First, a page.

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Skewball was the name of a British racehorse, most famous as the subject of a ballad. The horse was foaled in 1741, and originally owned by Francis, 2nd Earl of Godolphin, and later sold. His name has been recorded as "Squball", "Sku-ball", or "Stewball". He won many races in England, and a famous one in Ireland, which is generally the subject of the song of the same name. Popular legend has Skewball belonging to an Arthur Marvell. Based on the horse's name, Skewball was likely a skewbald horse, though there is speculation that he was a bay.



There are two major different versions of the sporting ballad, generally titled either "Skewball" or "Stewball"; the latter is more popular in America. There are multiple variations within the two major divisions. Versions date at least as far back as the 18th century, appearing on numerous broadsides. In both songs the title horse is the underdog in the race, up against a favored grey mare (usually called either "Griselda" or "Molly"), and although in most versions of Stewball the winning horse triumphs due to the stumbling of the lead horse, Skewball wins simply by being the faster horse in the end. Probably the most significant lyrical difference in the songs is the conversation Skewball has with his jockey, while Stewball behaves more like a typical horse and does not speak.

American versions were sung and adapted by slaves in the Southern United States, and have Stewball racing in California, Texas, and Kentucky. British versions, when the setting is mentioned, often place the race in Kildare, Ireland, leading some to believe that the song is actually Irish in origin. The fact that these accounts still imply that the horse's nationality was English, and they celebrate a victory over a horse that is presumably Irish, makes it likely the song is originally English, and its setting in Ireland is due to it being the site of Skewball's most famous race.

Roud Folk Song Index 456.


"...comes aprancin' and adancin' my darling Stewball."

A notable recording is by American folk legend Woody Guthrie, who included an English and an American interpretation (both entitled Stewball) on tape, and recorded in Volume 4 of The Asch Recordings (1930-1940). The American interpretation is a chain-gang song sung by Lead Belly and Guthrie with an African American 'call and response' style, while the English interpretation is derived from the traditional British broadside ballad, and sung to a cowboy waltz tune. The American interpretation has Stewball as being born in California with the famed race against the grey mare taking place in Dallas, Texas. Lead Belly recorded several versions of this song, and the music and lyrics from his version appear in American Ballads and Folk Songs by Lomax and Lomax.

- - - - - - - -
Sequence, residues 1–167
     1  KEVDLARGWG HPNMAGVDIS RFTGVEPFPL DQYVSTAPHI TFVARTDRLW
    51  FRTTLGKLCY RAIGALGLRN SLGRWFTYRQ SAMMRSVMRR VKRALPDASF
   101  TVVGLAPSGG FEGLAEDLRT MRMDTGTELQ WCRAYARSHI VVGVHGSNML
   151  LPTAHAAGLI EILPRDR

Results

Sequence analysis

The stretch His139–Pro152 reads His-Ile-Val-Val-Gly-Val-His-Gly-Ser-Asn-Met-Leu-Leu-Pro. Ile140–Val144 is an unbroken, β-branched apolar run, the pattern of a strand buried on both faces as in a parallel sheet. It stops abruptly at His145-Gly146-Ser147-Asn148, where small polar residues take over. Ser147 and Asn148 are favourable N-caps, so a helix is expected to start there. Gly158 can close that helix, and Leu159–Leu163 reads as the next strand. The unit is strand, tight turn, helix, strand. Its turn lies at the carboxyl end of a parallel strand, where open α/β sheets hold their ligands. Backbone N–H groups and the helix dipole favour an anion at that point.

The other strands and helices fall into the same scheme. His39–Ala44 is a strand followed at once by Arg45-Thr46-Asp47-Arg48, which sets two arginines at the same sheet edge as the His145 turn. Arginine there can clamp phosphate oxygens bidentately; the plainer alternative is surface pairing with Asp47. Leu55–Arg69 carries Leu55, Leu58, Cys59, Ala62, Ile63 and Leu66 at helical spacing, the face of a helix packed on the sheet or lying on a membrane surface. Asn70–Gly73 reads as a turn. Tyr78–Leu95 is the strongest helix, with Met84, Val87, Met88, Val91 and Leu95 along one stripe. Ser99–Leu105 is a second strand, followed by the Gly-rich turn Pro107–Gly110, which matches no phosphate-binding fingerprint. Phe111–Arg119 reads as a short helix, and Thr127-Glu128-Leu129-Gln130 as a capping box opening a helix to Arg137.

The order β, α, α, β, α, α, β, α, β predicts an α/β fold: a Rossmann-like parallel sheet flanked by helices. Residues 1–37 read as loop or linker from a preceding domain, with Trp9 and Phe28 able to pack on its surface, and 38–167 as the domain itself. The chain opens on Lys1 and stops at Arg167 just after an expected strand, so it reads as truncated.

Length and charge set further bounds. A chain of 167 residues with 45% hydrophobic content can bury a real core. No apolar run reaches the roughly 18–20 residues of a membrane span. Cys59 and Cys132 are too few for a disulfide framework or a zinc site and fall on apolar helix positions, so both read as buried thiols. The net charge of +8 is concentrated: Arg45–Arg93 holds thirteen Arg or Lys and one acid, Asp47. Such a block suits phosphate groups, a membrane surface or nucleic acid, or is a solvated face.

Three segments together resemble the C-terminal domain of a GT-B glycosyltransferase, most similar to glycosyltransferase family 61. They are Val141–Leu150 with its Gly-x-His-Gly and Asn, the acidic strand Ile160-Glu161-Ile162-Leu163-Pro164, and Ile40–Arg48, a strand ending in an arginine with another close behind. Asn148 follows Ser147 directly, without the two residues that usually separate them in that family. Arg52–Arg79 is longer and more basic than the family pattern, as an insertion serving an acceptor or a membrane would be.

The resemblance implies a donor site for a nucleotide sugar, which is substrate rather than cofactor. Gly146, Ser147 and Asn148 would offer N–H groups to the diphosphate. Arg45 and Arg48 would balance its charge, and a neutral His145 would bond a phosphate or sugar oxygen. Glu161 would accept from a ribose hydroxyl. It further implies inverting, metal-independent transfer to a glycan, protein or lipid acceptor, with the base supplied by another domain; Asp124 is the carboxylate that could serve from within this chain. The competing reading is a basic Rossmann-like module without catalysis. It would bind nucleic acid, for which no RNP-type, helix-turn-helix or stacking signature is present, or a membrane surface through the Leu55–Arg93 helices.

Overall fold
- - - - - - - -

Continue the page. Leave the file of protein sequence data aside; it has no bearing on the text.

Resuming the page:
Lead Belly's American chain-gang version of Stewball was covered in the 1950s by The Weavers, and then by British skiffle singer Lonnie Donegan. Guthrie's cowboy version of the British ballad, with the same lyrics but a different tune, was recorded by John Herald and the Greenbriar Boys, and popularized by Peter, Paul and Mary. Other versions of this version of Stewball include Joan Baez's on Joan Baez/5 (1964), The Hollies on Would You Believe (1966), and the Chad Mitchell Trio on Reflecting (1964). The 1971 John Lennon song "Happy Xmas (War Is Over)" has a similar meter and tune [1], as does the commercial jingo "Come back to Jamaica". Popular British versions include recordings by A. L. Lloyd, Martin Carthy, and Steeleye Span on the album Ten Man Mop, or Mr. Reservoir Butler Rides Again. An American version following the British tradition is recorded by Broadside Electric on Black-edged Visiting Card. The song has also been recorded by Irish musicians Andy Irvine and Paul Brady as "The Plains of Kildare."

Additionally, a French cover has been recorded by Hugues Aufray, becoming one of Aufray's biggest hits. However, this version is unlike the English versions. Aufray's version of the song takes the perspective of a man recalling an experience as a ten-year old boy. His father believes that Stewball will win a race, so he puts all his money and assets into this venture. Toward the end of the race, Stewball tragically falls. The veterinarian finishes him off with a single shot. This is the first time that the narrator witnesses his father cry. Aufray's version is very different from other interpretations in that it features Stewball not winning his race and dying due to an injury.


  1. Ger Tillekens (Sept. 1998). "Baroque and folk and ... John Lennon". http://www.icce.rug.nl/~soundscapes/VOLUME01/Baroque_Folk_Lennon.shtml. Retrieved 2008-04-10. 

See also

  • Johnny Ace
    • Pledging My Love

External links


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